"I, too, sing America": Identity, Diversity, and Voice in United States Literature
Literature, Film, and Theatre Studies
Undergraduate: Level 5
Thursday 05 October 2023
Friday 28 June 2024
31 March 2022
Requisites for this module
BA QT37 English and United States Literature (Including Year Abroad),
BA T720 English and United States Literature,
BA T723 English and United States Literature (Including Placement Year),
BA T728 English and United States Literature (Including Foundation Year),
BA LQ32 Literature and Sociology,
BA LQ33 Literature and Sociology (Including Placement Year),
BA LQ38 Literature and Sociology (Including Foundation Year),
BA QL23 Literature and Sociology (Including Year Abroad)
This module will look at a mixture of major and less well-known US texts from c.1850 to the present. Students will study a varied spectrum of US literature, looking at issues such as the relationship between American writing and history, American "difference" and differences within American society, nationalism and regionalism, and conflicts of race and gender.
The range of texts will enable us to consider the history of writing in the United States from before the Civil War to the Vietnam War, the Gulf War and beyond: that is, from the beginnings of a conflict that first threatened and then confirmed the United States as a nation state to the civil conflicts that erupted over the assertion by the United States of its global and imperial power as well as over the continuing denial of civil rights to the descendants of the slaves, the original inhabitants of North America and others. Among other topics, we will discuss:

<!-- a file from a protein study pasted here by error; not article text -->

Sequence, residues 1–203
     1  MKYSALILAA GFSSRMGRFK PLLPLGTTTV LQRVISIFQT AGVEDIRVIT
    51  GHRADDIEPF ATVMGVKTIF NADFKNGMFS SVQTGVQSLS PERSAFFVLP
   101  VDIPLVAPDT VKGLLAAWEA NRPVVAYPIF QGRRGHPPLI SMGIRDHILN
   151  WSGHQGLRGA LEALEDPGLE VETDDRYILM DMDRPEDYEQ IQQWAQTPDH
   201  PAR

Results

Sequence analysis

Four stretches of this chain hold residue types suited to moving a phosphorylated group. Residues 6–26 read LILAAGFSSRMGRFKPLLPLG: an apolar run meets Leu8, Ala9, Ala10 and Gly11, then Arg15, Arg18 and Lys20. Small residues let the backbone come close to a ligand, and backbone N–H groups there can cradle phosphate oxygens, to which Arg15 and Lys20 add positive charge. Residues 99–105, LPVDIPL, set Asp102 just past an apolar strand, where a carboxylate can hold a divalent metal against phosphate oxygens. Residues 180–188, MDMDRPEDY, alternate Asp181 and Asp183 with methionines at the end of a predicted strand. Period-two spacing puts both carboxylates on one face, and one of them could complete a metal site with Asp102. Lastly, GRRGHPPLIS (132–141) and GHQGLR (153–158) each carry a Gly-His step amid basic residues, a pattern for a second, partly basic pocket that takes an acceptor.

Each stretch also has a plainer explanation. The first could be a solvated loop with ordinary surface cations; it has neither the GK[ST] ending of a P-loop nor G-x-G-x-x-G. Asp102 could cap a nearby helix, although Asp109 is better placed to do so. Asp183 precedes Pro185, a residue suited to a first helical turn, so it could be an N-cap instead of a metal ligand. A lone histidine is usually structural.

* literary regionalism and literary nationalism
* the development of realism, modernism and postmodernism
* the conflict between the innovators who wanted to make it new, to respond to changing times with changing techniques and those who opted for a return to more traditional methods and values
* the emergence of more politically motivated, socially concerned forms of writing
* the impact of a growing concerns with race, ethnicity, gender, sexuality, and class on American writing
* the varying status of the United States in both internal and transnational terms, as reflected and contributed to by its literature
The aims of this module are to:
1. provide students with an overview and knowledge of some key themes and concepts in United States literature, particularly in relation from the mid-19th century to the present.
2. provide students with a critical understanding of the legacies of slavery, colonialism, freedom, independence, class, gender, and social mobility in United States literature, with particular reference to issues of individual and communal identity.
3. enable students to develop the critical tools to evaluate how United States authors attempted to write about their nation and collectively have produced national and regional literatures.
After successful completion of the module, students should be able to:
1. demonstrate a critical understanding of a range of key themes and concepts in United States literature, particularly in the period from the mid-19th century to the present.
2. critically evaluate and situate the legacies of slavery, colonialism, freedom, independence, class, gender, and social mobility in United States literature, and their ongoing relevance in American culture and society.